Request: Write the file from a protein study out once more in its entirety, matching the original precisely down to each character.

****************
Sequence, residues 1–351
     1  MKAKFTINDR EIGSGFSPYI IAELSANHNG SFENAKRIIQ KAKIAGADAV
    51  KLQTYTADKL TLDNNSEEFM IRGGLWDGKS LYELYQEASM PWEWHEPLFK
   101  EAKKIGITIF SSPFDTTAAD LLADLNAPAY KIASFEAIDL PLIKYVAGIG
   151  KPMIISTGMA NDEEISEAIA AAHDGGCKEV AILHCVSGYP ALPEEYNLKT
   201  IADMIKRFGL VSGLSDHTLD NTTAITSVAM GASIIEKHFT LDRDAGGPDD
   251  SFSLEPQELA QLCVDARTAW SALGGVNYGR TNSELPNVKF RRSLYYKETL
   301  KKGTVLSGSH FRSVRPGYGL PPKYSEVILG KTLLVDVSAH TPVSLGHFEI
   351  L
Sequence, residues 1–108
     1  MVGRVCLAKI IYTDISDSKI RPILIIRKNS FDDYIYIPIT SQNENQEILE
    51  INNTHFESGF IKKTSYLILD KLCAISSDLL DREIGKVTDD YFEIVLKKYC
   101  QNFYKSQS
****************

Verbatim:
Sequence, residues 1–351
     1  MKAKFTINDR EIGSGFSPYI IAELSANHNG SFENAKRIIQ KAKIAGADAV
    51  KLQTYTADKL TLDNNSEEFM IRGGLWDGKS LYELYQEASM PWEWHEPLFK
   101  EAKKIGITIF SSPFDTTAAD LLADLNAPAY KIASFEAIDL PLIKYVAGIG
   151  KPMIISTGMA NDEEISEAIA AAHDGGCKEV AILHCVSGYP ALPEEYNLKT
   201  IADMIKRFGL VSGLSDHTLD NTTAITSVAM GASIIEKHFT LDRDAGGPDD
   251  SFSLEPQELA QLCVDARTAW SALGGVNYGR TNSELPNVKF RRSLYYKETL
   301  KKGTVLSGSH FRSVRPGYGL PPKYSEVILG KTLLVDVSAH TPVSLGHFEI
   351  L
Sequence, residues 1–108
     1  MVGRVCLAKI IYTDISDSKI RPILIIRKNS FDDYIYIPIT SQNENQEILE
    51  INNTHFESGF IKKTSYLILD KLCAISSDLL DREIGKVTDD YFEIVLKKYC
   101  QNFYKSQS